The capitalist would have us believe that the privatisation of infrastructure is the most effective way to maximise its efficiency and service to the public. This was the mantra, trotted out by Thatcher and her acolytes and repeated by New Labour. The current Labour leadership holds the same view. We were told that free market competition would regulate the industry and benefit us all. There is no market in the UKs public services sector – especially water supply and sewage. Companies are run as unaccountable monopolies and there is no other company that is able to take over their monopoly. Each water company is given an area of the country to service and there is no other company to cut across that. No ‘competitor’ to Thames water is coming forward to take over the service and sort out the problem. The idea of competition across public services is entirely bogus. The claim that the regulators challenge companies to improve has also been seen to be an empty promise.
Thames Water claims that the current cost-of-living crisis has precipitated its problems, due mainly to the increase in interest rates. They claim this makes it harder for them to service the debts they have built up since privatisation, totalling about £16 billion. They don’t admit that they are responsible directly for lack of investment and a business model that allowed such debts to accumulate in the first place. Thames water investors have promised £750 million to alleviate the situation temporarily, but this will not be sufficient to solve the problem and the government waits in the wings hoping that it won’t be compelled to come to Thames Water’s rescue with tax-payers’ money. In the context of the current strikes and control on wage rises as well as underfunding of the public sector and the NHS, this would not prove popular. However, this government and the Labour government, which is likely to follow, would rather help out private capital than public services.
Water companies are owned and funded by a complex matrix of different organisations, which is incredibly hard to unravel. For example, Thames Water is made up of eight different companies and owners. It uses webs of finance manipulation to transfer wealth out of the pockets of ordinary people and into the off-shore banks of the billionaires. It then has the temerity to claim that it needs help to service its considerable debt.
Need for nationalisation under workers control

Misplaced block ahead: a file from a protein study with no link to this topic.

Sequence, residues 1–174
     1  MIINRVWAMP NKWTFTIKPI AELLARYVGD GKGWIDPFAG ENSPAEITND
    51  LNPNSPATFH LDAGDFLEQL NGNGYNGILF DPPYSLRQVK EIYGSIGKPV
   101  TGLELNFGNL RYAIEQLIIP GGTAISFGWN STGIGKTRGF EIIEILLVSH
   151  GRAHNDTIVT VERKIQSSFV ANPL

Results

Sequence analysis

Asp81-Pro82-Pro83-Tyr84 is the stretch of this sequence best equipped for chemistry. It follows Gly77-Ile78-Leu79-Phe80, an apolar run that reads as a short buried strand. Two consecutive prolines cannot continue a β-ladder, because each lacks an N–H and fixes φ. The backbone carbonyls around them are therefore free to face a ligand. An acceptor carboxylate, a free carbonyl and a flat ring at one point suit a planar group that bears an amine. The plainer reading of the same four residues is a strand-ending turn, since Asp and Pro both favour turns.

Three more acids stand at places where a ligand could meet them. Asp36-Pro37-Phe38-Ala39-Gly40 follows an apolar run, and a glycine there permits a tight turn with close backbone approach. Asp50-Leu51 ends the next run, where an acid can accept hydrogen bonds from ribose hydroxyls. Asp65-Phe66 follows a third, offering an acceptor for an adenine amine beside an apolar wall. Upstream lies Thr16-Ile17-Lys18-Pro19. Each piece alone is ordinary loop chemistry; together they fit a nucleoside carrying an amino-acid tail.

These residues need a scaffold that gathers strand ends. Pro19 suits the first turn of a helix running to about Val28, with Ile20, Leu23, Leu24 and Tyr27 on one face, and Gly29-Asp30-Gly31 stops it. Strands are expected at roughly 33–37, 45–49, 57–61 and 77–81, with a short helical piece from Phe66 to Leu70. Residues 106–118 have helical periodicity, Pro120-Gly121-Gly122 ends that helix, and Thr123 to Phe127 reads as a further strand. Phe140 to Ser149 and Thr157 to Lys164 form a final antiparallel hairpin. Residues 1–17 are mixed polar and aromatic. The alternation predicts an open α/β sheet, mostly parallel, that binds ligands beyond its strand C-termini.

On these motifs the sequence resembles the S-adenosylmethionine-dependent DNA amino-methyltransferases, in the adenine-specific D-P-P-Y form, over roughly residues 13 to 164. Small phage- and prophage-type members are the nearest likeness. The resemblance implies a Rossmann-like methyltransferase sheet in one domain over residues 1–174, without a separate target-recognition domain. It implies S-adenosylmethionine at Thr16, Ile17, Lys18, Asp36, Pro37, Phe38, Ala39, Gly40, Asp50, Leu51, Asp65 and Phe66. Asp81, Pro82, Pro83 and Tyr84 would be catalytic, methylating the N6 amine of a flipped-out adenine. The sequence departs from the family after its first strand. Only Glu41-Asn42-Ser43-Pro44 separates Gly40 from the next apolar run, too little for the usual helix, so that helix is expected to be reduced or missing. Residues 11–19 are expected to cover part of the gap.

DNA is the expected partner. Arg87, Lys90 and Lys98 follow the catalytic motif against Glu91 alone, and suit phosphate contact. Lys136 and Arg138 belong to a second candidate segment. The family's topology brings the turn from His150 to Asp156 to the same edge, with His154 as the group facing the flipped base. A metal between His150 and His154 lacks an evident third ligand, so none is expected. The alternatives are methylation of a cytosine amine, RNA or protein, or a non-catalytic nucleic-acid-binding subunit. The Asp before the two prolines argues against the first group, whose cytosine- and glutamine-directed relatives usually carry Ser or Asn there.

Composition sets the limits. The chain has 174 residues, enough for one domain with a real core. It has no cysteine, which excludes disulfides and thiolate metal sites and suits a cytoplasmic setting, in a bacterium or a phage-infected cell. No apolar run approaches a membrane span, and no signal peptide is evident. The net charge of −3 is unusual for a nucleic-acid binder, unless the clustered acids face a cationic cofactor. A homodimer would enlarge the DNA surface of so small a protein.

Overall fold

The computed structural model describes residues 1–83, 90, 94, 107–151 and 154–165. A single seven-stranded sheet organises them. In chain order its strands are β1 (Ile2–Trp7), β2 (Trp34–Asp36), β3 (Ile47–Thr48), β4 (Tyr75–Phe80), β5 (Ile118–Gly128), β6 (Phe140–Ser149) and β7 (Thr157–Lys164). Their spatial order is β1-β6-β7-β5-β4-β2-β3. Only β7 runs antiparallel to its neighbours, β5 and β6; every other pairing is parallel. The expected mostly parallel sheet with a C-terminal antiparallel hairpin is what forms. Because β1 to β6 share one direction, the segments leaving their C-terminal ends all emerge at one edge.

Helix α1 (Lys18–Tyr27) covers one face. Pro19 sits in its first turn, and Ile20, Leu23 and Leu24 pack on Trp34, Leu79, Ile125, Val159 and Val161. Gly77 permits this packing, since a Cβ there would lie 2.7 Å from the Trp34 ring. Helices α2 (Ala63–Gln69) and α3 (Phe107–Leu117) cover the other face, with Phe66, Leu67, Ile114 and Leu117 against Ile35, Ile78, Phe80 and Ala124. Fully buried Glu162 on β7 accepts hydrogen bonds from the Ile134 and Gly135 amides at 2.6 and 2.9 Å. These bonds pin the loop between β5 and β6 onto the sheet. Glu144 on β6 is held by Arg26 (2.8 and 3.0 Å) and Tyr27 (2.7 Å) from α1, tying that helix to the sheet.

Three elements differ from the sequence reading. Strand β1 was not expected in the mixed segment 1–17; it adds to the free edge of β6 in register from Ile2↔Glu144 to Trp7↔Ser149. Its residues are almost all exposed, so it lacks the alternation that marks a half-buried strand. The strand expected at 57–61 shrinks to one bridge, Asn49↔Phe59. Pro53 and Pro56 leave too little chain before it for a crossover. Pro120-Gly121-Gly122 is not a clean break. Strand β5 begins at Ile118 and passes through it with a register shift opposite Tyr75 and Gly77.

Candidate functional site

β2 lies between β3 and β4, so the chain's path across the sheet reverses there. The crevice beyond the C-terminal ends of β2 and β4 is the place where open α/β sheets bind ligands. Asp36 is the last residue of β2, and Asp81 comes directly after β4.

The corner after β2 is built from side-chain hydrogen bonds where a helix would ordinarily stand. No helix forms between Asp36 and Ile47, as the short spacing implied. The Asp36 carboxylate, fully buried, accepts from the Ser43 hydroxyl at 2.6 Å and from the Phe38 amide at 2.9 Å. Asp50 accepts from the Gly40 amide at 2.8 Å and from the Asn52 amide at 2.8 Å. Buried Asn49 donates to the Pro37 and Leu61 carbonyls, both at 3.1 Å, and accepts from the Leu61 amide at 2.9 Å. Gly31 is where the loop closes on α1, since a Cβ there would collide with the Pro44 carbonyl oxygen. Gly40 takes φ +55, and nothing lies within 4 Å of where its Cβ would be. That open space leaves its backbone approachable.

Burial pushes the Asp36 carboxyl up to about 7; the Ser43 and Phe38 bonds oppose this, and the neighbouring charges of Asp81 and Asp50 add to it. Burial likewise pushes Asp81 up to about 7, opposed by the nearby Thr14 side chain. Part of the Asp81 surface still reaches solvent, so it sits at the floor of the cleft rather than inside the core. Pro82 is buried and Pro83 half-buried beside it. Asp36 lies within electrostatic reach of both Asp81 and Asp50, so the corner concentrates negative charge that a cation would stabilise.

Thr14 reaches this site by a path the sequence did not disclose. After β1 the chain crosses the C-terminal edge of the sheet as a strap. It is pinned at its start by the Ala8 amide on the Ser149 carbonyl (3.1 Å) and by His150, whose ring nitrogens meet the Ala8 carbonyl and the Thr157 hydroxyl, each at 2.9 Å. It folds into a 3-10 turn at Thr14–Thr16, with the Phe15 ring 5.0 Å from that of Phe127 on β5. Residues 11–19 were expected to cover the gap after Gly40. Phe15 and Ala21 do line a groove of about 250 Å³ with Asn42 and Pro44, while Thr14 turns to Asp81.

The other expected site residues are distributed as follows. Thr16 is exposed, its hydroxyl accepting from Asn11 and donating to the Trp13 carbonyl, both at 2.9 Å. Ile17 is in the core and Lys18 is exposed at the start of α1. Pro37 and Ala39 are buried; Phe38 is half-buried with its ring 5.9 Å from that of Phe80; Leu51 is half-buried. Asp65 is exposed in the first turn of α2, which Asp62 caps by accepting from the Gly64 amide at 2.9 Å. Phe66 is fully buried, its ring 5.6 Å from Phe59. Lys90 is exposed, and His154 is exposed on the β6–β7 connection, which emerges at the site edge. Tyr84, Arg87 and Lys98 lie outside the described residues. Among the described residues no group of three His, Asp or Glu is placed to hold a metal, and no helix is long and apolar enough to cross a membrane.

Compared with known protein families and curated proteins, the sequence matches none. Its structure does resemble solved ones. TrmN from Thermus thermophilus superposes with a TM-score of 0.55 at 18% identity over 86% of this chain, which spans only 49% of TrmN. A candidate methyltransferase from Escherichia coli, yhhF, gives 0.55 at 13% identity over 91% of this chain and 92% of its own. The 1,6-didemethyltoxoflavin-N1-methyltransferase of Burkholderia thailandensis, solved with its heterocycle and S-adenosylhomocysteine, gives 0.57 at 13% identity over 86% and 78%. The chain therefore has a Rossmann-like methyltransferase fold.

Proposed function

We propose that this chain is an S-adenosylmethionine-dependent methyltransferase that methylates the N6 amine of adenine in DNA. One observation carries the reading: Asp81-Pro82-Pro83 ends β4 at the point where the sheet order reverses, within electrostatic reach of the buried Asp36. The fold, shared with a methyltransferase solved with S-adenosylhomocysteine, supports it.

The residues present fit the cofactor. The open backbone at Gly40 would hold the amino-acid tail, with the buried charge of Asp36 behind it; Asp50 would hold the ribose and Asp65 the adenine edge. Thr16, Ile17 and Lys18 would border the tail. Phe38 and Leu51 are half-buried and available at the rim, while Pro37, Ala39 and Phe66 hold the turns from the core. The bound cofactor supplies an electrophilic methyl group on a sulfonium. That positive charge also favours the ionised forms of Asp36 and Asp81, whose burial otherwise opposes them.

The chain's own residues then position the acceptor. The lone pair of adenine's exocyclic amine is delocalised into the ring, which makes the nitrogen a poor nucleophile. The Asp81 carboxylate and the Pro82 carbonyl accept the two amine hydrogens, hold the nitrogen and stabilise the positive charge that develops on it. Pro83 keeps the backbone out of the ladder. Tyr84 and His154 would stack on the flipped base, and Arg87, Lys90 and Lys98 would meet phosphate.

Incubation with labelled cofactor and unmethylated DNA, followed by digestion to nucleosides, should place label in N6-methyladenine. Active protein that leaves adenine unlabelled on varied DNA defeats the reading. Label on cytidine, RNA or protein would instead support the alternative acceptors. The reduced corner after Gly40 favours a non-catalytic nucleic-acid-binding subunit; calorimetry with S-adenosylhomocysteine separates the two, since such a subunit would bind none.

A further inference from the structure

In the UK only a minority of people think that the water companies should be in private hands. The idea that the private sector does it better has been massively eroded and this erosion was accelerated by the mishandling of resources allocated to private companies instead of the NHS during the Covid crisis. The water crisis in the UK is a warning to the world. This is a set of Islands that, up until now, receives a plentiful supply of water from rainfall. However, global warming is meaning that droughts and floods are becoming much more common. The South East is threatened with water shortages in many years and increasingly so. The infrastructure to alleviate this issue is not being put in place. The UK requires a nationalised water system for that reason if for no other. It requires a nationalised water system under worker’s control, not like the post war system where the same tired bureaucrats were left in charge. We cannot allow the shareholders and CEOs of the current water companies to have any say in this future. We need to look for experts in the field – workers and academics – to suggest a structure that is sustainable for the whole nation; to alleviate flooding as well as drought across the whole nation. We need the system to be properly funded with no place for profit, but also with open accounting, so that the workers and general population can see where the resources are put. We need properly trained engineers, who can work efficiently and effectively to improve the quality of the service and a decent quality of water and sewage for all. When the companies are nationalised, not a penny in compensation should be paid to them and the nationalisation should be permanent. We must not repeat the form of nationalisation that rescued the banks – paying off their debts in order to allow them back into the private sector after a period. Workers should insist that each company’s books should be completely open before any form of compensation would be considered. Workers should demand compensation from the capitalists for the under-investment in infrastructure and the cost of bringing the water supply and sewage system up-to-scratch. The capitalists should be billed for the work they haven’t done and the excessive dividends they have paid to shareholders. A worker’s nationalisation would be an attack on capitalism and would result in a back-lash, so workers internationally need to look at global systems and work on a united approach to the issue of water supply.